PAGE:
March 13, 2020
Misfits file lawsuit against art book publisher
by Ryan Harrington
Earlier this week, Misfits—the famous punk band famously litigious about their famous monsters (and about one another)—has sued book publisher Abrams for what they claim are unlicensed reproductions of the band’s IP and imagery in a recent book.
The offending book, 2019’s Scream With Me: The Enduring Legacy of the Misfits, by Tom Bejgrowicz and Jeremy Dean with a Foreword by Shepard Fairey describes itself thusly:
Formed in 1977, the Misfits deeply influenced the genres of punk rock and metal alike by blending their music with horror film themes and imagery. This is their visual story as told through the original ephemera that helped define their legacy. Scream With Me spotlights the band’s iconic and influential album and single art, fan club merchandise, original posters, show flyers, and one-of-a-kind, never-before-seen rarities, culled primarily from the extensive collection of archivist Umberto D’Urso.
And it’s those 300 color photographs that are the problem. As hard rock news site Blabbermouth.net reports of the suit:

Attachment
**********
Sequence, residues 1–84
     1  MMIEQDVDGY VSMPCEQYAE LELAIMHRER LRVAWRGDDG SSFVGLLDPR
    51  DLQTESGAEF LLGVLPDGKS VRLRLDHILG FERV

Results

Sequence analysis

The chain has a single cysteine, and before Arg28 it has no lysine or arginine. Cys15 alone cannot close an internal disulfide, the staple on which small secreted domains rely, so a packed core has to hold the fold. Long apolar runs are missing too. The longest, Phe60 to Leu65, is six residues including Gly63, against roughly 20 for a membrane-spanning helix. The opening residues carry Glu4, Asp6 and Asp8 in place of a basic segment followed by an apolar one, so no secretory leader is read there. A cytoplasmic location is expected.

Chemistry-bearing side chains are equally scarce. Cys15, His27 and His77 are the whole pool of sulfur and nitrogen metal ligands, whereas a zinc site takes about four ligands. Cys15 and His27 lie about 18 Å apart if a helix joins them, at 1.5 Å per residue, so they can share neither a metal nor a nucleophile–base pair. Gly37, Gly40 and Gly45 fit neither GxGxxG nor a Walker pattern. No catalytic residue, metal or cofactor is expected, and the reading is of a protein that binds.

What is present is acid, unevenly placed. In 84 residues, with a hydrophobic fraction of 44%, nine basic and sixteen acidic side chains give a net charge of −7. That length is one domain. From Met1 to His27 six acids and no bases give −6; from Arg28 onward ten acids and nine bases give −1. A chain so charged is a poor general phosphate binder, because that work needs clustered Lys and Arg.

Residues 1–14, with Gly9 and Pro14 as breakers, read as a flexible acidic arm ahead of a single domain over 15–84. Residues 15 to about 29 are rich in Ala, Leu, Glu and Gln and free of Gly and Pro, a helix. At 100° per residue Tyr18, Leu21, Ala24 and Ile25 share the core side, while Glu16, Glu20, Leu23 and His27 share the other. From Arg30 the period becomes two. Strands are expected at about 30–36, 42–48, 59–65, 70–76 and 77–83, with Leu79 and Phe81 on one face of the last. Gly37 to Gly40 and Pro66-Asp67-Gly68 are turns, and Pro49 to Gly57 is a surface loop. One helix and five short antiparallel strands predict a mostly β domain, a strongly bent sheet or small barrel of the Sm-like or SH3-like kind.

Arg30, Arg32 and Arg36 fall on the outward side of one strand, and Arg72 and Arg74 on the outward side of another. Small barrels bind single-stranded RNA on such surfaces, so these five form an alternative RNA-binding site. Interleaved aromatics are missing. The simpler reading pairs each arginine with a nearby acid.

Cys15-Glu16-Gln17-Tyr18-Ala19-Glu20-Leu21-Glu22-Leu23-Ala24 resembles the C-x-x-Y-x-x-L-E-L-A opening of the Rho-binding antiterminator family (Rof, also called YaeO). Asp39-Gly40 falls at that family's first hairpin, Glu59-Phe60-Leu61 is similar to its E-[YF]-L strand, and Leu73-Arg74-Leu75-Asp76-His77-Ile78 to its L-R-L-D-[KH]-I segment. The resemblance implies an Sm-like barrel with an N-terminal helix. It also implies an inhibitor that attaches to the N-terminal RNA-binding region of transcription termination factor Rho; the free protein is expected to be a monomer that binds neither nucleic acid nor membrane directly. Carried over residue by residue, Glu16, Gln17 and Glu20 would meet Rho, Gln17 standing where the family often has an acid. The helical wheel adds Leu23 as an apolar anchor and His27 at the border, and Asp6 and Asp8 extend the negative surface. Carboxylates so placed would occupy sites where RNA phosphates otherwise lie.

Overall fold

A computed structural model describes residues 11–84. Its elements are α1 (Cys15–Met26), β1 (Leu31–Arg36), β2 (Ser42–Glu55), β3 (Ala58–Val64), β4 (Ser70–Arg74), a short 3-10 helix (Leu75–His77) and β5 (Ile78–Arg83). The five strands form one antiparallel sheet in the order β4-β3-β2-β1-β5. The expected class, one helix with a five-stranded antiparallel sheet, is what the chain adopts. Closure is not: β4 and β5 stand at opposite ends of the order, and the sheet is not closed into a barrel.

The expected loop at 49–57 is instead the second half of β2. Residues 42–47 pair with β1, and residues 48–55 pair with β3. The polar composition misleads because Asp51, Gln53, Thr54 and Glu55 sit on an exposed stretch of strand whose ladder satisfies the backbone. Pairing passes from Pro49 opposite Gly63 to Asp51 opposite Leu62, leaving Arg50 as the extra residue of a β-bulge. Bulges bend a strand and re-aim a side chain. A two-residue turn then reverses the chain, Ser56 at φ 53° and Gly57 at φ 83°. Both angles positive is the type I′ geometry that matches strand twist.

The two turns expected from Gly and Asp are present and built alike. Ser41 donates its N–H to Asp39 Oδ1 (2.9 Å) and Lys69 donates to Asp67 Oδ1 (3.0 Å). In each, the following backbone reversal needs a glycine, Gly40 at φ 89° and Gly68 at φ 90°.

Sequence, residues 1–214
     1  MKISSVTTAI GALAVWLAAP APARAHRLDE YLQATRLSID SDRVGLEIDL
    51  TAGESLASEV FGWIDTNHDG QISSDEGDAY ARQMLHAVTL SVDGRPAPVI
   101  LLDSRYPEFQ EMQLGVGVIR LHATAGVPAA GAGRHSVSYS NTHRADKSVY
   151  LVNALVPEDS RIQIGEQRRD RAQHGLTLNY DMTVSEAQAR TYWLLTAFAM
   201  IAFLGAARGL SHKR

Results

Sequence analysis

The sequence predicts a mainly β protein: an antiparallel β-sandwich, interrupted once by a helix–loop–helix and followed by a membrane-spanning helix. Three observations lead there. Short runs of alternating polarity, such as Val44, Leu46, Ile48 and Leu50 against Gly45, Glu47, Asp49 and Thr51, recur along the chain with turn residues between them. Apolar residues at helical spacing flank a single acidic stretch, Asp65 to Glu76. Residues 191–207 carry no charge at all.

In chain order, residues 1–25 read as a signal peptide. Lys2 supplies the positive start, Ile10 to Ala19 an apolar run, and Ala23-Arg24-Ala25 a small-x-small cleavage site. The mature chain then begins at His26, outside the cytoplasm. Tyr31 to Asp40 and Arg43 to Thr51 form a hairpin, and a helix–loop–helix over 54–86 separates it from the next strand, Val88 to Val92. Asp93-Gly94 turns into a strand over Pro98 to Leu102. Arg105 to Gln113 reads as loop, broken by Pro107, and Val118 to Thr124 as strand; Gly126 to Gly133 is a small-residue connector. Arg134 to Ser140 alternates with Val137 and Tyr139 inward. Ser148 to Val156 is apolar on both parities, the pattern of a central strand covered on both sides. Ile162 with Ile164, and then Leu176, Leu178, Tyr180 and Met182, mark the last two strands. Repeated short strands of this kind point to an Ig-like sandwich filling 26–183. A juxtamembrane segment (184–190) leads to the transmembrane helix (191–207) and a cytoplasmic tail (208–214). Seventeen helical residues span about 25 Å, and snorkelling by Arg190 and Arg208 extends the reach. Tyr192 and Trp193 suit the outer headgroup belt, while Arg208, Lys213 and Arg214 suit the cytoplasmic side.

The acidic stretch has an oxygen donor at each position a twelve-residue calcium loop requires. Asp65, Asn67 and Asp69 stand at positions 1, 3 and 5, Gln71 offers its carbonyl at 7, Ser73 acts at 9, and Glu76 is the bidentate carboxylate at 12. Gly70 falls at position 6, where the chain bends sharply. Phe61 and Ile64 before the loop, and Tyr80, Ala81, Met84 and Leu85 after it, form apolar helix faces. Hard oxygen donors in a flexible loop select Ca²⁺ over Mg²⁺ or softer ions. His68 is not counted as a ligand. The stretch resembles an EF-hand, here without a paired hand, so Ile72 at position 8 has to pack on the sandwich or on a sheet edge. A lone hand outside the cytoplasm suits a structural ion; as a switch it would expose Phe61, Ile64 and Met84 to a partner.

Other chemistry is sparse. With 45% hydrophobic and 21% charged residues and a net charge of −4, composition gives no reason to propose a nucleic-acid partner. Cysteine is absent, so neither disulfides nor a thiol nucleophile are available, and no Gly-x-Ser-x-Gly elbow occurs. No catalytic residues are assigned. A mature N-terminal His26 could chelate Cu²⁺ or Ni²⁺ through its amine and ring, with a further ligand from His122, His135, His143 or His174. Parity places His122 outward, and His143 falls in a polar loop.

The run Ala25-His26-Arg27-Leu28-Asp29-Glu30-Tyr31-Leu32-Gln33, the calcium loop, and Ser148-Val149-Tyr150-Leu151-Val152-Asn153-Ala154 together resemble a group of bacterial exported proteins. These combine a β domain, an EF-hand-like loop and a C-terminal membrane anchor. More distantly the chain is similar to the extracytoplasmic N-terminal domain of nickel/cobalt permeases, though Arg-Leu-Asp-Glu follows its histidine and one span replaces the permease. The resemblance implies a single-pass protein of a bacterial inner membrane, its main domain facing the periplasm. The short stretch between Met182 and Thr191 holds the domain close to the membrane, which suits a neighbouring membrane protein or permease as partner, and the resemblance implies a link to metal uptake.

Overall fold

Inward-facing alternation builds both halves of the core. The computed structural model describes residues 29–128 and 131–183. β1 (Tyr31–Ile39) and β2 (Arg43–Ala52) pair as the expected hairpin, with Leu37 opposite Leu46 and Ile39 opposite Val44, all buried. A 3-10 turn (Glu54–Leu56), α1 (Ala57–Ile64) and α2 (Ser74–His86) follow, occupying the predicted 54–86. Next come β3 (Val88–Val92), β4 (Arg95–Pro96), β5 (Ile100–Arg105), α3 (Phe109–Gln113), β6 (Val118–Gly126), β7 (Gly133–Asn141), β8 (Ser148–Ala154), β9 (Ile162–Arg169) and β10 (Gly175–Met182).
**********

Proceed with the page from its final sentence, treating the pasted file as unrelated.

The complaint, which was filed on March 9 by Misfits A.D. — the limited liability company established by MISFITS founding members Glenn Danzig and Jerry Only to own and manage intellectual property, including trademarks and copyrights, associated with the MISFITS — claims Abrams’s photobook “is rife with large-scale, repeated, and unlicensed reproductions of Misfits A.D. intellectual property. For example, the cover of the photobook prominently displays, without authorization, the Misfits A.D. ‘Fiend Skull design’ trademark and, in doing so, misleads consumers into believing that the photo book has been approved by, or is associated with, Misfits A.D., which is indisputably false,” the lawsuit reads.
Reporting from the World IP Review indicates that the Abrams and the LLC did correspond in advance of the book’s release, at which point Abrams declared their rights under copyright and trademark precedent. Now, after the suit, WIPR says Abrams will continue to “vigorously defend” that stance.
After decades of reboots with various members, the band reunited as The Original Misfits in 2016.
Ryan Harrington is a senior editor at Melville House.